19. The Craft Bargaining Unit The NLRB has defined a true craft unit as a distinct and homogeneous group of skilled journeymen, craftsmen, working as such, together with apprentices and/or helpers.

  20. The Craft Bargaining Unit From the point of view of Industrial Unions, it is not desirable to permit craft workers separate representations.

  21. The Craft Bargaining Unit However, The bargaining status of craft employees within a firm depends on the nature of the craft, type of industry, collective bargaining history in the industry, and, most important, on the policies and practices of the NLRB.

  22. The Craft Bargaining Unit Employers have a general bias toward bargaining with as few unions as possible. Bargaining with multiple units increases costs and makes it more difficult to plan reliable production and marketing schedules.

  23. The NLRB and Craft Bargaining Craft bargaining unit cases can be divided into two broad categories: Initial Certification Severance Cases

  24. The NLRB and Craft Bargaining In both instances, the NLRB has to decide whether the craft satisfies the appropriate criteria for certification. It should be noted, however, that it is easier for a craft to gain separate certification rights when there is no successful history of collective bargaining within the context of a larger unit.

  25. Craft Certification Criteria The craft employees are unrepresented. They are engaged in traditional craft work that is performed in a separate and distinct location apart from other employees. They have a separate community of interests and do not interchange with other employees. The union seeking recognition is a craft union traditionally representing the craft in question.

  26. Craft Certification Criteria The board, confronted with the dilemma between the right of self-determination of craft employees and a potential threat to stability in industrial relations, will typically opt for stability.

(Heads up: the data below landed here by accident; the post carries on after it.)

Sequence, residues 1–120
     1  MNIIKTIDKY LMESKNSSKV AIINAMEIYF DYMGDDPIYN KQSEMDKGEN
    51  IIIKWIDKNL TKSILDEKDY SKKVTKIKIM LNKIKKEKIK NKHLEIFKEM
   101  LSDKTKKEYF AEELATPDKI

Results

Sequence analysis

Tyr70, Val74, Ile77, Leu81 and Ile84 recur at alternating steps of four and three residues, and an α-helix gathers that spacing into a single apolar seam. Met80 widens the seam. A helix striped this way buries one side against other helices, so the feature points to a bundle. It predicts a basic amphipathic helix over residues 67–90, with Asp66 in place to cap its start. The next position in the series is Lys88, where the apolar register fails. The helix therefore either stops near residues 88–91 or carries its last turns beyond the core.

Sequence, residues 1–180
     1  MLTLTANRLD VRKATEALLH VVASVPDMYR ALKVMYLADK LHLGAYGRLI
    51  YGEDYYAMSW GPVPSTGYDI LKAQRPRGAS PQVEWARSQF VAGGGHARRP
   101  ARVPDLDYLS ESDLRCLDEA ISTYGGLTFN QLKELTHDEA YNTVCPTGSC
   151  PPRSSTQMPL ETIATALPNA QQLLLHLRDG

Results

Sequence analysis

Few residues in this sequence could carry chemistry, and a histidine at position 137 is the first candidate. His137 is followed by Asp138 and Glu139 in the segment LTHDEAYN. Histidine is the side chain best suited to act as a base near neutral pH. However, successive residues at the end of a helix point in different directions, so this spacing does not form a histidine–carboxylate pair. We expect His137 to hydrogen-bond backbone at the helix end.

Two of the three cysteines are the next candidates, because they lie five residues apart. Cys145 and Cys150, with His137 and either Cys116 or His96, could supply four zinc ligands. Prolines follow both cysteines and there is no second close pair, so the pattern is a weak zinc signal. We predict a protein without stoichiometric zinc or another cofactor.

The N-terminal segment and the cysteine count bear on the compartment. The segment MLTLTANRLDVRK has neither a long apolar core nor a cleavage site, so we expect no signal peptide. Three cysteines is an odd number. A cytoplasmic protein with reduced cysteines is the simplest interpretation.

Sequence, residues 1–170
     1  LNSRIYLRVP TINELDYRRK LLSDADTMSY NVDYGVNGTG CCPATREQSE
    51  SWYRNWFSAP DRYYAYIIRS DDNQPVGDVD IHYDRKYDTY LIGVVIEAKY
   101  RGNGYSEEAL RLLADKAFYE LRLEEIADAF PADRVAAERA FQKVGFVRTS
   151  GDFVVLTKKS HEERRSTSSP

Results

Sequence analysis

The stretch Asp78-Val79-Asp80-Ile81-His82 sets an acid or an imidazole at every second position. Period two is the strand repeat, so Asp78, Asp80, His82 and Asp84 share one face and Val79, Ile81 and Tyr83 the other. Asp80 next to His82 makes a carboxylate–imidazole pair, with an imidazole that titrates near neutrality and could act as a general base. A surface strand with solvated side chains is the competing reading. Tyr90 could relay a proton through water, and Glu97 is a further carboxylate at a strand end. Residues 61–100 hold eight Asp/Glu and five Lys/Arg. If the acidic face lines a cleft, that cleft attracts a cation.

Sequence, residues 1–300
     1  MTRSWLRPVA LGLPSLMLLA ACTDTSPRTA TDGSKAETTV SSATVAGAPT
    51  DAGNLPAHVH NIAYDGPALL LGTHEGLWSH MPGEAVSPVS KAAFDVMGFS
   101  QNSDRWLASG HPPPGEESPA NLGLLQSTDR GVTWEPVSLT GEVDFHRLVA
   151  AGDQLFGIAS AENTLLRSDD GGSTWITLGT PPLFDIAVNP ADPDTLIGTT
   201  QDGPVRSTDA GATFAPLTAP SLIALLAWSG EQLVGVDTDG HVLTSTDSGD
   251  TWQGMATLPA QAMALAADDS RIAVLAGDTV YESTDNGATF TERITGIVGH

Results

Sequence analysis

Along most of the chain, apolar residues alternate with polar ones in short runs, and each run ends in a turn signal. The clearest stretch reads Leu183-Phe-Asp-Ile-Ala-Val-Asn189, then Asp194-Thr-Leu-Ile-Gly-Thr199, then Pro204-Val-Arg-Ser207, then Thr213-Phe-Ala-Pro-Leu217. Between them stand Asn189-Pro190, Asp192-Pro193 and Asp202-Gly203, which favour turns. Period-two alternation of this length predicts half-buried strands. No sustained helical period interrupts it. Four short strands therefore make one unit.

27. Significance of Board Certification Decisions The certification not only acts as a catalyst to collective bargaining, but it also influences collective bargaining outcomes. Although the parties are free to expand bargaining beyond the unit selected by the board this initial selection by the board establishes the required basis for bargaining.

  28. Significance of Board Certification Decisions A union considers several factors when deciding on its desired unit: The predominant factor seems to be its ability to win and election. Sometimes it’s agreeing to the employers desired unit in order to get a quick election A third set of factors involves attempts to maximize the unit’s potential bargainingpower.

  29. Significance of Board Certification Decisions Employers favor election units in which it would be difficult for a union to organize and obtain a majority. Employers usually favor large election units primarily because it is more difficult for unions to win elections in such units. There is less solidarity in large units, and Management has more staffing flexibility when all of its employees are in one large unit.

  30. Significance of Board Certification Decisions In the end, which side has the upper hand in determining size of bargaining units may depend on the boards political coloration at the moment.

  31. The Structure of Collective Bargaining in the United States Two thirds (66.6%) of employees covered by collective bargaining agreements in the United States are in situations where the actual negotiation area, represented by the people sitting at the bargaining table, is different from the area covered by the NLRB Certification.

  32. Bargaining Structure Union and Management Interests Union bargaining interest is described as being either narrow, as in a craft union representing workers with a narrow group of skills, or broad, as in an industrial union representing all employees in an industry.